BACK ON TOPIC - the merman romance. Yay or nay?
NAY. SO MUCH NAY. There aren't enough perturbed horses in the world to convey just how much NAY there was to this story. The characters are contrived, the villain is breathtakingly incompetent, the threats are silly and the worldbuilding is cartoonish. And the PUNS. Horrible water-themed PUNS were everywhere.
Our merman hero is Rod Tritone, brother to Reel, the hero of Fennell's debut novel, In Over Her Head. Yes. Merman brothers named Rod and Reel. It's silly all by itself without considering the contextual implications of naming mermen after things that are supposedly dangerous to them - isn't that akin to naming human kids Gun and Knife? Anyhoo - he's a prince, or rather, the son of the High Councilman of the sea (who's named Fisher. I shit you not. Can someone tell me how that is NOT like calling a human Murderer? Or Killer? REALLY?).
Rod's been given a strange mission by the Council - it turns out Lance Dumere, one of the recently deceased Councilmen, begat an heir with a human woman, and the Council believes this hybrid girl is the key to some vaguely described prophecy and that bringing her back to her heritage could possibly save the world. The book's hazy on the exact details, but suffice it to say - Rod's got a job: find the girl, bring her back to the ocean, and dump salt water on her so she turns into a mermaid. He also has to do all of this in three days, or the tail he's sacrificing to pass for human won't grow back.
Rod flies out to Kansas, of all places, to find the woman (Valerie) who's currently running a shop that sells ocean-themed souvenirs. He informs her of her father's death and says he left her a legacy. Valerie refuses point-blank - even though she's never met her father, knowing that he abandoned them has left her very bitter and she wants nothing to do with him.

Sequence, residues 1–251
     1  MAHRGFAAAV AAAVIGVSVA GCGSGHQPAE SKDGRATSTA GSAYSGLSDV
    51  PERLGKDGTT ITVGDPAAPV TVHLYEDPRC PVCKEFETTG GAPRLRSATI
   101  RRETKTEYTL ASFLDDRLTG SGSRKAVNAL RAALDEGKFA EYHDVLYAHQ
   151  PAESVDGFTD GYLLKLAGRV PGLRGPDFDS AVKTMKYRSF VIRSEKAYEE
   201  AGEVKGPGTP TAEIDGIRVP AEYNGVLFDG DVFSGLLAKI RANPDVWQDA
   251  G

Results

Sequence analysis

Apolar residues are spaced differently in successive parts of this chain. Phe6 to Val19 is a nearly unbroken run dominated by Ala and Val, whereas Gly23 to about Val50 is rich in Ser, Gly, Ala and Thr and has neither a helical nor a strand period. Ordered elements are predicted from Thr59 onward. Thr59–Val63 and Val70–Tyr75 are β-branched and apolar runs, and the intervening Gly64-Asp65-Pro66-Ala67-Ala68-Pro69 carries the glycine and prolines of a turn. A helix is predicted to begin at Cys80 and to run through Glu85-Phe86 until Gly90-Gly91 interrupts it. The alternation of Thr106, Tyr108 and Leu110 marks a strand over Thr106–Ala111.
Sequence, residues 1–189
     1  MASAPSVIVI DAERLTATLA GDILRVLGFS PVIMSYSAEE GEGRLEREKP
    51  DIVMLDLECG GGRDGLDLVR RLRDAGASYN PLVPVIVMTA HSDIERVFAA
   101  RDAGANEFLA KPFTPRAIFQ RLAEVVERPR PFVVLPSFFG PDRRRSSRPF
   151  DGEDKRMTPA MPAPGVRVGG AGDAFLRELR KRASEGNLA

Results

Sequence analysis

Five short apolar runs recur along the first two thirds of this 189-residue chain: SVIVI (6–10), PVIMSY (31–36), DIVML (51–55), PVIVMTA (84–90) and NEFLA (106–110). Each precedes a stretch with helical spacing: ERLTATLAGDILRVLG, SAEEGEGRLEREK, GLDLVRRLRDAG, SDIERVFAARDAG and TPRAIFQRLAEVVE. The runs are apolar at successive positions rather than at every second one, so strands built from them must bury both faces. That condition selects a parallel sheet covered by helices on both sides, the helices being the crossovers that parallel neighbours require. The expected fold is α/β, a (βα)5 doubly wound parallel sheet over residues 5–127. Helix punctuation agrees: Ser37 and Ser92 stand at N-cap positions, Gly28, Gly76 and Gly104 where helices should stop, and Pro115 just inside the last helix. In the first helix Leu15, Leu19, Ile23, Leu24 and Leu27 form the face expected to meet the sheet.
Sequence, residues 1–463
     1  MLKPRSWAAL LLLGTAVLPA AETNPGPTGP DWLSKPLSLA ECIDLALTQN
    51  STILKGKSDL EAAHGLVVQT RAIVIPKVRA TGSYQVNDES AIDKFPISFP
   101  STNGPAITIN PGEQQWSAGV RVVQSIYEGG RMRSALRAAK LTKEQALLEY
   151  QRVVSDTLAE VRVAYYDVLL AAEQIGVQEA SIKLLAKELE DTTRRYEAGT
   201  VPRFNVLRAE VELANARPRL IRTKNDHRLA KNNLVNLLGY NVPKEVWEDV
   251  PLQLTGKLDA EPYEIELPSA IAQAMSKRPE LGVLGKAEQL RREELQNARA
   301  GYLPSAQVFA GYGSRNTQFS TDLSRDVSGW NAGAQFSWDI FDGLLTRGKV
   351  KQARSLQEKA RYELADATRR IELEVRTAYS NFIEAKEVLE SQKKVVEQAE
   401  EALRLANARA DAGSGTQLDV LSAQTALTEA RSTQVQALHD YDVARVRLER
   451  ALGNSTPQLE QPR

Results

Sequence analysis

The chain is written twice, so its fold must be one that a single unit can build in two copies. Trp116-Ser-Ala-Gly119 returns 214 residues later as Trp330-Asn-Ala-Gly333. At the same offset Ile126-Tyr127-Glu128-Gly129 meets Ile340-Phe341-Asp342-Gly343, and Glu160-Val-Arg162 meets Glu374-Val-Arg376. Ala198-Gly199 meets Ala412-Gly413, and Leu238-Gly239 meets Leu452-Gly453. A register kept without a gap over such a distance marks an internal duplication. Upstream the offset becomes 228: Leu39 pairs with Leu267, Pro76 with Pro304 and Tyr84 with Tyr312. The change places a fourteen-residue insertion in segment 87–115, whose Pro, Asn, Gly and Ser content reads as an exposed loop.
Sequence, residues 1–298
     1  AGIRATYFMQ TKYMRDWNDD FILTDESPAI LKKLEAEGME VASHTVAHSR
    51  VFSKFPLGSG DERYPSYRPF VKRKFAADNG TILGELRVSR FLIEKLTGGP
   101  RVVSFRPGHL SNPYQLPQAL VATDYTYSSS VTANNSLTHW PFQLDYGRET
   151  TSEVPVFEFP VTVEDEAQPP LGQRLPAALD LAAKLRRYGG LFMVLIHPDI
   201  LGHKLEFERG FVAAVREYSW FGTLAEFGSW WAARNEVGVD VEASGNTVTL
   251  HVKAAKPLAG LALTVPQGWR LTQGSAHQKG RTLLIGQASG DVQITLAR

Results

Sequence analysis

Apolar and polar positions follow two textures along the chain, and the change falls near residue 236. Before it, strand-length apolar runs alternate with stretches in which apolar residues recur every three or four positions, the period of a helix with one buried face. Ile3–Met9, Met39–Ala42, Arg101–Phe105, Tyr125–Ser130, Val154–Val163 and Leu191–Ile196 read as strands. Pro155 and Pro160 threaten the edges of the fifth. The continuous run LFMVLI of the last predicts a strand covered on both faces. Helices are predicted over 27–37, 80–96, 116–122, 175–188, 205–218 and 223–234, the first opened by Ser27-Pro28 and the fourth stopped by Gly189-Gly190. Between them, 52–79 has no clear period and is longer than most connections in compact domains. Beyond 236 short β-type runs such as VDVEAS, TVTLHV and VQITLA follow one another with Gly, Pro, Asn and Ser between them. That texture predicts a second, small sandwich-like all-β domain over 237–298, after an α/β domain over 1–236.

That is, until a Plot Device Accountant shows up to conveeeeeniently inform her that her deceased mother (who owned the shop) forgot to pay some taxes and the IRS is gunning for her, at which point Valerie jumps on the idea of a legacy. How ... coincidental.
By this point, Valerie and Rod have some tedious, cutesy and contrived interaction, most of which involves Valerie falling down a lot and admiring Rod's bod. Yes, Rod is apparently so attractive that Valerie just falls down at random times while looking at him. I'm not exaggerating - it's a good thing she spends most the rest of this book sitting in a car because in these first chapters she makes Bella Swan from Twilight look like a figure skater.
A monkeywrench is thrown into Rod's plans when a talking seagull superspy (I'm serious) crashes his party. This seagull, seemingly named Livingston for the sole reason of providing Rod with an "I presume?" joke, tells Rod that explosives were found in a trench he'd recently been excavating, leading the Council to think someone's out to kill Rod to mess with the line of succession. It turns out the main reason Rod was even sent on this mission was to get him out of harm's way - but all for naught. Livingston informs Rod and a freaked-out Valerie that "JR," an infamous albatross mercenary/assassin (again, not making this up), has been hired to take both Rod and Valerie out.
This starts off what turns out to be a road romance as Valerie, Rod and Livingston hop in Valerie's car and try to race to the ocean before JR - who's gained control of all the birds in the area. This leads to some painfully silly action sequences where birds drop dead fish on the car and fly around with blankets to block the windows and peregrine falcons launch other, smaller birds at the windows and somehow Valerie, Rod and Livingston scream about how OMG! Our fast-moving metal box designed to weather heavy impact is no match for dead fish and blankets and very determined small birds!